At the AILA Annual Conference this past month, there was talk amongst attorneys of USCIS's latest plans to "realign" operations to purportedly enhance efficiency by redistributing the workload. This was also confirmed by a USCIS official quite recently, and we have actually seen some parts of it implemented already. Under this new operational protocol, scheduled to go into effect officially this October, the 24 District Offices throughout the United States will be consolidated into 16 Districts. As a consequence, each District Office will serve more states. However, locale and proximity do not apparently figure to be dispositive factors in determining which office serves which states. For example, it seems that the Brooklyn Office will now be subsumed by the Newark District Office. The Boston Office will reportedly merge with the Buffalo Office, and cases originally scheduled for adjudication at the Philadelphia Office will supposedly now go to the Cleveland Field Office.
In practical terms, this move will affect many applicants, particularly those who are summoned for interviews in states far away from their state of residence. Consider, for example, a couple who must appear for a marriage interview in a different state that is considerably distant. A number of factors may come into play that may affect whether one or both parties could appear including childcare; time off from work; whether one has to fly; as well as whether the couple is in a financial position to fly. The applicants and their family members are not the only ones who are impacted. Attorneys may experience difficulties in representing their clients out of state, and in some cases, may not be able to appear somewhere outside their home jurisdiction, further impairing and interfering with the client's access and right to be represented by counsel of his/her choice.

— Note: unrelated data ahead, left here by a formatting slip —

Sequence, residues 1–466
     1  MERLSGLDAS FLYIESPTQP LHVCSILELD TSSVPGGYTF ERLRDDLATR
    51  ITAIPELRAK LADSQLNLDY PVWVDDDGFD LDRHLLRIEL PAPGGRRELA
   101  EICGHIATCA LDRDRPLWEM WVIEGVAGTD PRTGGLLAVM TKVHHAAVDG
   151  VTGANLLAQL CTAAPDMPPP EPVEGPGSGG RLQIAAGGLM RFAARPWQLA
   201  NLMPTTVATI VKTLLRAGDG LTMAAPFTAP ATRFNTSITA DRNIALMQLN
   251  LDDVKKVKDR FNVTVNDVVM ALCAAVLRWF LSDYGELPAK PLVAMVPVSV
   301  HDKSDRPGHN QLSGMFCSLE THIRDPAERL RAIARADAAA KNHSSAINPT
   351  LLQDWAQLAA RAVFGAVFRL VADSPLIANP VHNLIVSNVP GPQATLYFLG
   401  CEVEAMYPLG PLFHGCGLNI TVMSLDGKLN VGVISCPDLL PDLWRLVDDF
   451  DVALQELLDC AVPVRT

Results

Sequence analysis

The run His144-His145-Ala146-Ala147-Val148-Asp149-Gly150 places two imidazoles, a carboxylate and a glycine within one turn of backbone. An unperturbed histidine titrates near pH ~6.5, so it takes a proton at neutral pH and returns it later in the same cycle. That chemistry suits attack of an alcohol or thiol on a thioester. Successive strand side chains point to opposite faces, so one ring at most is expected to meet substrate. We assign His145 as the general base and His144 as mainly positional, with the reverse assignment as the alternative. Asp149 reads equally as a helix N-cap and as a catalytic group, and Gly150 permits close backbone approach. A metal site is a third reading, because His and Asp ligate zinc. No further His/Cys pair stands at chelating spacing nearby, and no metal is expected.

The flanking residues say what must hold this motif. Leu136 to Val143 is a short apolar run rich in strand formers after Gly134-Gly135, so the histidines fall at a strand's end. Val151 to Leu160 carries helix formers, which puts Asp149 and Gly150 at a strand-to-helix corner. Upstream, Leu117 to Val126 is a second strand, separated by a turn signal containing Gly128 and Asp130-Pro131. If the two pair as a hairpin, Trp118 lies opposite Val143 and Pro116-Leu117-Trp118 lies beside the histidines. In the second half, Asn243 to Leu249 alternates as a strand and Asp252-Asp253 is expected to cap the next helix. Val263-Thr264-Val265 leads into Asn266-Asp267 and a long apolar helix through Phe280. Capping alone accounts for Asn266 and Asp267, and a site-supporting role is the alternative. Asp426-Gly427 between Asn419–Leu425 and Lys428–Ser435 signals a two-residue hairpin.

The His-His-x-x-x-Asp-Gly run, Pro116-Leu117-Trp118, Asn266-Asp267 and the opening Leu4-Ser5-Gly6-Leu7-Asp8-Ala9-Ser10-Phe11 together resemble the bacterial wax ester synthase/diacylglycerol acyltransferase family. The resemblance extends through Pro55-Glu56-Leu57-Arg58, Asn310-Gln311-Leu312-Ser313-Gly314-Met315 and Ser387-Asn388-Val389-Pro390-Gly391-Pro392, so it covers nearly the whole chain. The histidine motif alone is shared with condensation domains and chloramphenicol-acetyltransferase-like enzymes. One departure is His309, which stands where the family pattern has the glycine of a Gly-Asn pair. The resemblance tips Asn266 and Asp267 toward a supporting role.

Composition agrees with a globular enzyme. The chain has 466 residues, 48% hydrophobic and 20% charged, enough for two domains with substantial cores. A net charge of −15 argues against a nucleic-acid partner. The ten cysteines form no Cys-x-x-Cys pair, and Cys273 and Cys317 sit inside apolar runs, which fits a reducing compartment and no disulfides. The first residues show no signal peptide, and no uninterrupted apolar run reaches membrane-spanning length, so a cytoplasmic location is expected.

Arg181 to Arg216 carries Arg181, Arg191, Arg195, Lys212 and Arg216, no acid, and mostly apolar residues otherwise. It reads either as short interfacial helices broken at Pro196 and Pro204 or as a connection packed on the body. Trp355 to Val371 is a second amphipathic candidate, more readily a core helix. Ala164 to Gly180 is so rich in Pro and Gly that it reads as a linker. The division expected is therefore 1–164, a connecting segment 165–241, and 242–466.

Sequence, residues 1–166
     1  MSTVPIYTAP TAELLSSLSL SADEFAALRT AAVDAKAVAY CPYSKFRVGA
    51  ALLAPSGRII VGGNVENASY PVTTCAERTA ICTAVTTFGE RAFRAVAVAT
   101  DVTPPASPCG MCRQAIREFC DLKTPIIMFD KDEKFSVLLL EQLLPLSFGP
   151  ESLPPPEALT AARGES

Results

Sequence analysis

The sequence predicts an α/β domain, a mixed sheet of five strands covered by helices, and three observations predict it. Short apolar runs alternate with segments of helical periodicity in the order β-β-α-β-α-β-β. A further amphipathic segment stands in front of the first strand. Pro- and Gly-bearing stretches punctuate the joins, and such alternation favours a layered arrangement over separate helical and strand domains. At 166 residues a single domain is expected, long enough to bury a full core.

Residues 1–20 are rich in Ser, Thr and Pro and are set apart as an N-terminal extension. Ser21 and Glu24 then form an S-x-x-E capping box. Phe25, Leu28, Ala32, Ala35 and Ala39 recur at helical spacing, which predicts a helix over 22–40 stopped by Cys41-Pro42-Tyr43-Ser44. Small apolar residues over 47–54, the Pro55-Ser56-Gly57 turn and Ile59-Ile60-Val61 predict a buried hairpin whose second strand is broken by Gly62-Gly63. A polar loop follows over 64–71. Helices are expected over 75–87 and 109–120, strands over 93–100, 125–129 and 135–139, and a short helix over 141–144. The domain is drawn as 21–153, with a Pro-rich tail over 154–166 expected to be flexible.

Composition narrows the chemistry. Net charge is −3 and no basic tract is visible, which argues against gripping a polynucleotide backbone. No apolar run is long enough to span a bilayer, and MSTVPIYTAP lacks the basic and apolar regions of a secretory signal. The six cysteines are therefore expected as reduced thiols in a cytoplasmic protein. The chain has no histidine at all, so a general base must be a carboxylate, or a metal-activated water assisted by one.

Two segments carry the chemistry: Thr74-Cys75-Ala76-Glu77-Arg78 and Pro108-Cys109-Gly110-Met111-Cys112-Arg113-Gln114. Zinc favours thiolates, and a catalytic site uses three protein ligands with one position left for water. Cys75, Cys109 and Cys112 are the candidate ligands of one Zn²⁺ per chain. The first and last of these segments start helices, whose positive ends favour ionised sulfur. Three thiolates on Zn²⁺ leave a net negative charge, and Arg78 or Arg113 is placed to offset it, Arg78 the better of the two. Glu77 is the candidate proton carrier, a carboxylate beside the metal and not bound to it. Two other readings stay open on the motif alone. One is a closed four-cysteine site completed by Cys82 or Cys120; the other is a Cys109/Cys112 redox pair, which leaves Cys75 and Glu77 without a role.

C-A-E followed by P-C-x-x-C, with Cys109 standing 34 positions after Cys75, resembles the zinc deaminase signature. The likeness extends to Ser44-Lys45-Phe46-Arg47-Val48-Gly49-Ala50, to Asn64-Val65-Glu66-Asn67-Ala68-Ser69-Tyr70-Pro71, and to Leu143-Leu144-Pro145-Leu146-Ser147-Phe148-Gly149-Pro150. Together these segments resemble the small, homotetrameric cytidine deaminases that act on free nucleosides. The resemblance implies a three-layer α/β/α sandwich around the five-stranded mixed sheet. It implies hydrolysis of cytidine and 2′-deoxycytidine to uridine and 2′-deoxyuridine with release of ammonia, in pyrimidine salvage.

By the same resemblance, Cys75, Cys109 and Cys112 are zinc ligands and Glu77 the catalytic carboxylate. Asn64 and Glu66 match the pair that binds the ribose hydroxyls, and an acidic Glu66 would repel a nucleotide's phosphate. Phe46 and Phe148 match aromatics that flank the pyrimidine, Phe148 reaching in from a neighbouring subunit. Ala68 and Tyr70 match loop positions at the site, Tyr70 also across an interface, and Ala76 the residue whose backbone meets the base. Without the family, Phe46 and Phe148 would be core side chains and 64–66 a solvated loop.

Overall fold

While in theory, consolidation may reduce workload, the other concern is at what cost? If an already burdened District Office is tasked with adjudicating even more cases, what effect will that have on how much time each officer can allot to reviewing a case? Less individual attention may translate into zero tolerance and diminished consideration of genuine cases that may appear unusual and require explanation.
As a consequence of all these changes, it is especially important for applicants to consider reviewing their cases with an immigration attorney, so that they have a realistic understanding of what is ahead in this unpredictable climate.